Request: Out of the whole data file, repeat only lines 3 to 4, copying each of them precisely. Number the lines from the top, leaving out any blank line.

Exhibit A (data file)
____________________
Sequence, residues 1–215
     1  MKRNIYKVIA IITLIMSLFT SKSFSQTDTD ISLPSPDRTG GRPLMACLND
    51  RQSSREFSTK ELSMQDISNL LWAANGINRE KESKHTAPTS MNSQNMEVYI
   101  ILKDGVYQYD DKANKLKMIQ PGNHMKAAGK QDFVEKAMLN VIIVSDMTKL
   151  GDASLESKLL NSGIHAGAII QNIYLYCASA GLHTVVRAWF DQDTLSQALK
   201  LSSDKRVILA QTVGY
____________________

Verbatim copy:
    51  RQSSREFSTK ELSMQDISNL LWAANGINRE KESKHTAPTS MNSQNMEVYI
   101  ILKDGVYQYD DKANKLKMIQ PGNHMKAAGK QDFVEKAMLN VIIVSDMTKL